B E L L B R O O K, Ohio, Dec. 8, 2000 -- A mix-up in an oxygen-delivery system is suspected of causing the deaths of two nursing home residents and the hospitalization of eight others.
An in-house oxygen system at the Carriage-by-the-Lake nursing home in this Dayton suburb might have accidentally been hooked to a nitrogen tank Thursday, a fire official said.
The nitrogen tank was labeled as containing nitrogen, but looks much like an oxygen tank, said Bob Miles, an assistant fire chief from nearby Washington Township.
Miles said the tank had an oxygen label that was partially covered by a smaller nitrogen label.
“You could see part of the ‘oxygen’ word on there,” he said.
Miles said investigators do not suspect any criminal intent. “We feel at this time, it was an accident,” he said.
A spokesman for Integrated Health Services Inc., which owns the nursing home, told the Dayton Daily News that the tank taken for testing was labeled as oxygen.
“The facility has only received, for years and years, only oxygen tanks,” said IHS spokesman Robert Gill. “There is no nitrogen at the facility as a matter of practice.”
Officials at the nursing home declined comment Thursday.
Four Remain in Hospital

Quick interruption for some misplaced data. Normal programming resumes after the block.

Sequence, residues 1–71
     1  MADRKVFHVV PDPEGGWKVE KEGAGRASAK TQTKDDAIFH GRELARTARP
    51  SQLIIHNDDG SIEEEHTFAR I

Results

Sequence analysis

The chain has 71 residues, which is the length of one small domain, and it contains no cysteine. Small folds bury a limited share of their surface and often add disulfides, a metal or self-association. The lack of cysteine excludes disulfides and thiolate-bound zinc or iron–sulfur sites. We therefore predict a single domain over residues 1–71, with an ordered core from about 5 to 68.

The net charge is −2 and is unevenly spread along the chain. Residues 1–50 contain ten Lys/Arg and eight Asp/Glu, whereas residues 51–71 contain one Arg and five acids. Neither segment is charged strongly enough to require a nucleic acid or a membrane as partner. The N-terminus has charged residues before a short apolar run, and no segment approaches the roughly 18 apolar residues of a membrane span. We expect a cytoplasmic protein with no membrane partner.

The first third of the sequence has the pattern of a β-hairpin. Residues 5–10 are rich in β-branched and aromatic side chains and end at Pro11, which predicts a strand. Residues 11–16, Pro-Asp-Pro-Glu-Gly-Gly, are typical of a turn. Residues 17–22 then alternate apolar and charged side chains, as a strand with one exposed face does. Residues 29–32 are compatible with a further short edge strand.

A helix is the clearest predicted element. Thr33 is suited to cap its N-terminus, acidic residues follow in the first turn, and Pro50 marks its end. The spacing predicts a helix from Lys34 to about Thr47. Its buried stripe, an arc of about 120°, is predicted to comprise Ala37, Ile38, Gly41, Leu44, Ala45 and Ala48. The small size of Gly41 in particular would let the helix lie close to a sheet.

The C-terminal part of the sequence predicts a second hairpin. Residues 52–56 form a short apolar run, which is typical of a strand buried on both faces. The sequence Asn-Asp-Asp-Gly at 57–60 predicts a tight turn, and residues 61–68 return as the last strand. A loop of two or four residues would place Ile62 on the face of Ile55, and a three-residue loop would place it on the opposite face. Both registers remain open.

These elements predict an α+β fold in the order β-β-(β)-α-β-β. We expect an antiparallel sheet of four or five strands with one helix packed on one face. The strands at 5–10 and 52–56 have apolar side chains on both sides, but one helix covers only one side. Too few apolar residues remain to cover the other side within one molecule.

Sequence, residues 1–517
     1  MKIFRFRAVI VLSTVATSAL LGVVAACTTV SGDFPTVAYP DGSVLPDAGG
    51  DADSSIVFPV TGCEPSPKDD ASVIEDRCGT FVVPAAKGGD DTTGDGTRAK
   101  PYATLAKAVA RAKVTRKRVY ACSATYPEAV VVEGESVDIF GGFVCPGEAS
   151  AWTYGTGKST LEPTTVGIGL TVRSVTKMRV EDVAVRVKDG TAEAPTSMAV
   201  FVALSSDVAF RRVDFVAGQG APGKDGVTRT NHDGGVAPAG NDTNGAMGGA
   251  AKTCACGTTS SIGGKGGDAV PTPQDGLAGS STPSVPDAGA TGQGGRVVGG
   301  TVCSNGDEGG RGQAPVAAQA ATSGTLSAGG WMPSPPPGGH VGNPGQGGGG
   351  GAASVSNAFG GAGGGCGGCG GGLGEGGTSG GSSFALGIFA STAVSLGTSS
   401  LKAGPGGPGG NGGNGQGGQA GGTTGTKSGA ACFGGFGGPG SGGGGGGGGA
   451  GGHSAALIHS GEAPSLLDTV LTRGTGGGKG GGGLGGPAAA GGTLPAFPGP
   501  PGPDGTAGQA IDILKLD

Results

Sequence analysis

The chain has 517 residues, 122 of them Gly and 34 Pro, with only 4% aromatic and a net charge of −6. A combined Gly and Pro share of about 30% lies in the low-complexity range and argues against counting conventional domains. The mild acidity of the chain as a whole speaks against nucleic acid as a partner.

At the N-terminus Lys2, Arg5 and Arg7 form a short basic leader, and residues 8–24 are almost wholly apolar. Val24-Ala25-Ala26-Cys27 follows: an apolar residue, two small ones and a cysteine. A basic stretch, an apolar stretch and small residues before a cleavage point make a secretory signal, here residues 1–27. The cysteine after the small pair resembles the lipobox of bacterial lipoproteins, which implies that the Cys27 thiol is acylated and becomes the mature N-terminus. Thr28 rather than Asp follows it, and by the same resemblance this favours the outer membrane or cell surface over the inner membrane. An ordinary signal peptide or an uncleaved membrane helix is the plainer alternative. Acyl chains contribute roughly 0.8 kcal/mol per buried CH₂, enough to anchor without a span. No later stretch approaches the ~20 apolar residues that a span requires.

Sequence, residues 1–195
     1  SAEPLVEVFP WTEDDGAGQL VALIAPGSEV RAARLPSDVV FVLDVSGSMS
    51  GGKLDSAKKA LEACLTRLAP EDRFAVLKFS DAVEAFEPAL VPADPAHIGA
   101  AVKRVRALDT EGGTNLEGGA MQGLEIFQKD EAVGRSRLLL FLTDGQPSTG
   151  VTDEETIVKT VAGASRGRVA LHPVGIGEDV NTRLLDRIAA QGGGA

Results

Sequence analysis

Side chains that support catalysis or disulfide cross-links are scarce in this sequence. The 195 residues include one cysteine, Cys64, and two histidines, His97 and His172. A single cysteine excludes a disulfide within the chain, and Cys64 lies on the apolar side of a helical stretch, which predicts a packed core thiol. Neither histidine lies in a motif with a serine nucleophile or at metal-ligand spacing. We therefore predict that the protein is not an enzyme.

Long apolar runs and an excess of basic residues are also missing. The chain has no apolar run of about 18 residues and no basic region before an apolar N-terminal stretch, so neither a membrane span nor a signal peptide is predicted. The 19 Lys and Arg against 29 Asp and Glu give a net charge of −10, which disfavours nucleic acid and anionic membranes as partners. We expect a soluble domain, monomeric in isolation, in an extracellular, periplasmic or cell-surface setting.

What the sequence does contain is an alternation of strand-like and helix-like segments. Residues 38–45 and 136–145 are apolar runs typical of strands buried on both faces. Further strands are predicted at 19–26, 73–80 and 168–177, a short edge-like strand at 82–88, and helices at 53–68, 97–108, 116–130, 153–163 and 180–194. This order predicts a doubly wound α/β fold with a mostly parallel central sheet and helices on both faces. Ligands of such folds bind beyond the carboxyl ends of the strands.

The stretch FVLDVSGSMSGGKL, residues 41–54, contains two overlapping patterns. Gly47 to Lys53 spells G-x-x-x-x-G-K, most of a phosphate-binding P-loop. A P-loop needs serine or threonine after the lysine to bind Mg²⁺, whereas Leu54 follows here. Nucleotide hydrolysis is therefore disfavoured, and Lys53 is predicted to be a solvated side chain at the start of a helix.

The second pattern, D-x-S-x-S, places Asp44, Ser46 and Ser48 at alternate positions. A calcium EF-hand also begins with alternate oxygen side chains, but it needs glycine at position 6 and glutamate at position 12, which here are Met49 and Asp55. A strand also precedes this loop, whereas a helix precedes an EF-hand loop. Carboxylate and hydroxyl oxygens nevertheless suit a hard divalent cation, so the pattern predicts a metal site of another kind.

Greene County authorities said Pauline Tays, 70, died at the nursing home, and Helen Tomlin, 76, was pronounced dead after being transported to a hospital.
Eight other residents were taken to hospitals, and four were treated and released. The other four remained hospitalized in critical or serious condition today, hospital officials said.
Authorities said full toxicology studies on the deceased residents may take several days.
The affected residents had all been on an oxygen system in the same wing of the 84-bed nursing home, Miles said.
Miles said the tank was included in a delivery of oxygen to the nursing home on Nov. 30. Medical facilities sometimes use nitrogen to purge lines used to carry air, he said.
Gill said only nurses and nurse’s aides, and sometimes the suppliers themselves, are allowed to connect the tanks into the in-house delivery system.
Firefighters Uncovered Error
Firefighters were called to the nursing home Thursday on the report of an illness, and soon found themselves treating several residents.
Sugarcreek Township Fire Chief Randy Pavlak said he was the first to arrive to treat a resident whose heart had stopped.
“As we were working the cardiac arrest, they came in and said they had one more,” Pavlak said. “And then they told me they had two more. As soon as they told me they had a third and a fourth one, my first thought was, ‘We have some kind of contamination in the building.’”
Upon realizing all the residents shared an oxygen system, Pavlak ordered it shut down and the residents transferred to portable oxygen systems.